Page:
For my research paper, the topic that I chose to explore was the following: does net FDI significantly influence net income in Sub-Saharan Africa?  I chose this topic because it correlates with another course I am taking in the economics department regarding African economic history.  My data set comes from the World Bank, which provides a very large database regarding African Development Indicators.  There are a multitude of different data sets to choose from and analyze to decipher which are most pertinent for my particular research.  Although I am starting with a single regression of net FDI as a percentage of GDP on net income as a percentage of GDP, this test alone most likely will not suffice. I will need to incorporate several dummy variables into my model in order to improve accuracy. Furthermore, other variables will need to be added in order to full account for changes in net income in Sub-Saharan Africa.  One of the biggest challenges that I will face includes the issue of having endogenous variables. Also, since many countries in Sub-Saharan Africa have informal economies, their statistics either aren’t provided for certain years, or they are simply not very accurate.

This chapter discusses how population policy and control is such an integral part of the development programs in poor countries.  The authors, through research, find several different factors that account for the problems of population control, including family dynamics, social norms and economic implications.  The argument presented goes against the traditional school of thought saying that a lack of access to contraception is the reason for poor population control.


The stat that I will use to make a hypothesis is the fertility rate of Ethiopia, which is 6.12 children/women.  I would like to hypothesize that the higher the fertility rate in a country, the more poor the country will be.  I would test this by compiling stats including GDP for different countries, average family income, and dummy variables such as whether or not there is access to health care of any kind (yes, D=0, no, D=1), and perhaps whether it is a single parent family or not. The regression model would obviously account for all of these variables, including the two sets of dummy variables for health care access and single parent family.  So, my dependent variable would be GDP, with fertility rate, avg family income, and then health care and family status all being independent variables.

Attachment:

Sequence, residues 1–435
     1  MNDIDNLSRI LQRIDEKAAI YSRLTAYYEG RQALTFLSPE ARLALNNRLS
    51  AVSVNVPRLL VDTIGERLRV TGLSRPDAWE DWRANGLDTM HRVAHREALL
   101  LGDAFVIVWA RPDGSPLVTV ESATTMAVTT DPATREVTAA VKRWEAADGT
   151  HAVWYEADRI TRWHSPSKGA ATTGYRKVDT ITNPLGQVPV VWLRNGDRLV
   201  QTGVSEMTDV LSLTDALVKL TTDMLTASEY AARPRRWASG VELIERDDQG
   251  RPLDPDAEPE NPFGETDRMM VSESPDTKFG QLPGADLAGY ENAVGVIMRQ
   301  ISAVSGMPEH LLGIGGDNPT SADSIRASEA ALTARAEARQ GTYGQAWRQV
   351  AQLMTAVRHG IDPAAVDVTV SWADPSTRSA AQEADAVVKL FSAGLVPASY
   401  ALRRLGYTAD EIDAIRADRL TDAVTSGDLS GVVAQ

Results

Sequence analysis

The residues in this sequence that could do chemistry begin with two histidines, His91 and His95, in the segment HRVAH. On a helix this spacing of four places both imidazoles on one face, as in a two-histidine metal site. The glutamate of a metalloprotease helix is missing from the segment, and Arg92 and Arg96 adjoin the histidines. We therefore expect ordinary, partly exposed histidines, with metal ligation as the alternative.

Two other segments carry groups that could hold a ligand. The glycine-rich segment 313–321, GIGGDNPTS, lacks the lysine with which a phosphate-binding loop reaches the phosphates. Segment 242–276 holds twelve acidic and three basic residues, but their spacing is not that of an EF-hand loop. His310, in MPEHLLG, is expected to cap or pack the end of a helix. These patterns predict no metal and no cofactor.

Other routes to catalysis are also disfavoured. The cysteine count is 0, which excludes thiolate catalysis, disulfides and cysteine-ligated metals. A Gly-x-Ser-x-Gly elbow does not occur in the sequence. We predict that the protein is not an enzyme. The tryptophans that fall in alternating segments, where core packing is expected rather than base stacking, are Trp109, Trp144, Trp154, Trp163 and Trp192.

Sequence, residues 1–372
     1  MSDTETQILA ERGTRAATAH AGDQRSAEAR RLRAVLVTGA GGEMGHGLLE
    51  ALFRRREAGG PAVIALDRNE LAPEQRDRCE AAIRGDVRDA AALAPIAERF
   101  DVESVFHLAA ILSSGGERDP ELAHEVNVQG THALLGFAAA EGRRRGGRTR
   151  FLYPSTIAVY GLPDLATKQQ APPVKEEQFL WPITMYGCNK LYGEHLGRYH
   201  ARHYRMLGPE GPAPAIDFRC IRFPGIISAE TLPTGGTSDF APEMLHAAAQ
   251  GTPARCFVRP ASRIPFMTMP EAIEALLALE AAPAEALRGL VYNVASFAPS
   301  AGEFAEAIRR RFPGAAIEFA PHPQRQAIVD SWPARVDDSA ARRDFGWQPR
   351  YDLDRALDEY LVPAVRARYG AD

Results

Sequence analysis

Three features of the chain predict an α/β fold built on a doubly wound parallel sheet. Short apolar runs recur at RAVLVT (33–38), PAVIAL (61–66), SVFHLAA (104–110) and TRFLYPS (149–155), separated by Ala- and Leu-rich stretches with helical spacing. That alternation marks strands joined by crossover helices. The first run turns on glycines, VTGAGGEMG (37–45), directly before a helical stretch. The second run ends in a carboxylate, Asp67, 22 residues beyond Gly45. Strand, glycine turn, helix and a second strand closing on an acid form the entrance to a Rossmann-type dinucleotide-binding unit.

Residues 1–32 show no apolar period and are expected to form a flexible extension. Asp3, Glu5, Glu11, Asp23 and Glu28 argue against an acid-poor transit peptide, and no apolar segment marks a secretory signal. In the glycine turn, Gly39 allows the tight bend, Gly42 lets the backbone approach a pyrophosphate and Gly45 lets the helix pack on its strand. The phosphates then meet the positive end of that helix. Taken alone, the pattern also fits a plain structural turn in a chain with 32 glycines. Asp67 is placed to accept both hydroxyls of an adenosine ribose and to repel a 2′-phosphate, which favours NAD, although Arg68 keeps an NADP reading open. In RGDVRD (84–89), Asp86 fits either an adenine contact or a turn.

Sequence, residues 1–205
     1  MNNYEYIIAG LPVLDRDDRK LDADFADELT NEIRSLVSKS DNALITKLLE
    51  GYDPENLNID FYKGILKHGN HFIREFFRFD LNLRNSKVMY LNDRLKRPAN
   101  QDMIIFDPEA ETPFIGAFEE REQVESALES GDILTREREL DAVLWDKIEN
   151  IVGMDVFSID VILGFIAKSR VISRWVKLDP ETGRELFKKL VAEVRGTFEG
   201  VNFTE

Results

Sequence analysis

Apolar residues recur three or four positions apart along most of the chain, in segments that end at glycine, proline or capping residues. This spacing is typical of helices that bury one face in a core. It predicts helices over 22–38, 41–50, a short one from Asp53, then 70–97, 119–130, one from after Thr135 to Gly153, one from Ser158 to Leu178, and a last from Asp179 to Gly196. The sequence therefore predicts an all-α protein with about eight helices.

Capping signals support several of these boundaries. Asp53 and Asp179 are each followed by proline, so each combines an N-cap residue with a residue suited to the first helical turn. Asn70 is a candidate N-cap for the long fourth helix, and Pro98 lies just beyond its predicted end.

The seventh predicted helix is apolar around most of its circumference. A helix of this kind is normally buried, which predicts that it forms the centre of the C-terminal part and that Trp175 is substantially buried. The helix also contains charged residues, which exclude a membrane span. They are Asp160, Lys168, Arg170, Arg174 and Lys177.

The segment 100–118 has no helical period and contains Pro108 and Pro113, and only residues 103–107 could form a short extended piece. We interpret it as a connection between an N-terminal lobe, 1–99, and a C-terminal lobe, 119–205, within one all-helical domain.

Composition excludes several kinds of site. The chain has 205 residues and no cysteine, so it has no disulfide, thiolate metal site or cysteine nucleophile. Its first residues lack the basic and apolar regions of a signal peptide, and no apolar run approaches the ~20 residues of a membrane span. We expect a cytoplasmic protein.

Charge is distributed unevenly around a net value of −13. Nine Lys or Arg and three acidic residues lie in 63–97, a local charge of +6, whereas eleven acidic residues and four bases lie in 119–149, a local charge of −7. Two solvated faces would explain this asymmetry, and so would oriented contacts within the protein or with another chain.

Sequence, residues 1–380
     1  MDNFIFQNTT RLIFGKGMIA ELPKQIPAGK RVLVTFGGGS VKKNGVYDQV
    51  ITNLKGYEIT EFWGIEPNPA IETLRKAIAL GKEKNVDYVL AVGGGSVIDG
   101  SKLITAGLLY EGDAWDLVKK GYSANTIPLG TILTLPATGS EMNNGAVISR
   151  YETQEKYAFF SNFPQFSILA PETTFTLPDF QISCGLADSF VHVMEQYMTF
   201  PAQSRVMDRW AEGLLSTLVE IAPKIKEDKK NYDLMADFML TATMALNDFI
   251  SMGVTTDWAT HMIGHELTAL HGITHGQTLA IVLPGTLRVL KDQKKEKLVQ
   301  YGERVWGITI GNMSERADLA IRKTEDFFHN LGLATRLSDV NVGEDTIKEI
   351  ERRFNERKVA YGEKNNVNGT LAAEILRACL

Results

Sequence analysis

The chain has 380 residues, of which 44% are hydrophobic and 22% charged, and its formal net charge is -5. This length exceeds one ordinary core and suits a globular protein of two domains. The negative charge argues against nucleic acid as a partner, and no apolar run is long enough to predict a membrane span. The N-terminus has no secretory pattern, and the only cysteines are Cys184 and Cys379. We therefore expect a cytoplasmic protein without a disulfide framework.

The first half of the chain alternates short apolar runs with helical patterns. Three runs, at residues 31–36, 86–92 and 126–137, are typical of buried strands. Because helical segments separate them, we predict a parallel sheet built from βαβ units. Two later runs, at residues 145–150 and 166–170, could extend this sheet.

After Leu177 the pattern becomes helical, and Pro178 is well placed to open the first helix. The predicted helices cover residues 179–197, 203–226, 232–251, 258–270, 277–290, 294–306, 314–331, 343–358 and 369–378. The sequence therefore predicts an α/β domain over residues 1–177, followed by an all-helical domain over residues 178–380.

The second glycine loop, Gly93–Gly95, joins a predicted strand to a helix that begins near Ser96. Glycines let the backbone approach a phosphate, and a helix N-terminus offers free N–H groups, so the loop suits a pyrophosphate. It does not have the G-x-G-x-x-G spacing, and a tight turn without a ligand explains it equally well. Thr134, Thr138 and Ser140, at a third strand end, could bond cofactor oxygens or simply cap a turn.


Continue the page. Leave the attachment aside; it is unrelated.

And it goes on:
These dummy variables, especially whether or not there is a single family, could be very significant in determining an effect on GDP and fertility rate.  Health care may not have as big of an effect, especially since many people in poor countries probably do not have this access. 

In Brad Pitt’s latest movie, “Moneyball” one can see how Billy Beane (Pitt) went against the grain as an MLB General Manager in terms of forming his team.  The Oakland Athletics are a very small-market team when compared to the household names such as the Boston Red Sox and the New York Yankees.  Instead of using traditional methods to figure out which players would be best to replace the stars that the A’s had to release (due to money and trade restrictions), he relied upon the statistical formulas and methods written about by Bill James, a baseball historian and statistician.

The idea behind Beane’s decisions was based on the idea that wins are produced by scoring runs.  Runs, as he quickly realized, were not just simply produced by big name, expensive, home run-hitting players.  Instead, the same amount of runs that were scored by these heavily-valued players he found could be produced by highly undervalued players that had high base on balls, on base percentages, and etcetera. With these things said, variables such as age, throwing defects, off-field problems, and EVEN fielding in general should NOT be significant in determining whether to pick a player or not.  Of course, these variables can all have some sort of effect. However, what is statistically significant are the stats that are compiled to figure out the runs created by certain individuals.

An example of Beane’s method from the movie occurs in a meeting decided how to replace Jeremy Giambi, a big hitting first baseman.  While the men at the table are trying to find an exact replacement for Giambi (a type of player that would be hard to find and too expensive), Beane suggests that they instead find 3 guys for less money that, when aggregated, have their on base percentages equal to that of Giambi’s.  This, in essence, reproduces Giambi.